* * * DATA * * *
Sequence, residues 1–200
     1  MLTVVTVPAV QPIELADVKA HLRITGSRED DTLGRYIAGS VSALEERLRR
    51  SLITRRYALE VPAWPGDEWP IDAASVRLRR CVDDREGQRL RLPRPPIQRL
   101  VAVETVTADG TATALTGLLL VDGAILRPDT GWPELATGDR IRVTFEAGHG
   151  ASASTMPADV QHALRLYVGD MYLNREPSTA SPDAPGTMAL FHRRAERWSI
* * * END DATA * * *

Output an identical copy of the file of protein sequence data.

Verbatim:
Sequence, residues 1–200
     1  MLTVVTVPAV QPIELADVKA HLRITGSRED DTLGRYIAGS VSALEERLRR
    51  SLITRRYALE VPAWPGDEWP IDAASVRLRR CVDDREGQRL RLPRPPIQRL
   101  VAVETVTADG TATALTGLLL VDGAILRPDT GWPELATGDR IRVTFEAGHG
   151  ASASTMPADV QHALRLYVGD MYLNREPSTA SPDAPGTMAL FHRRAERWSI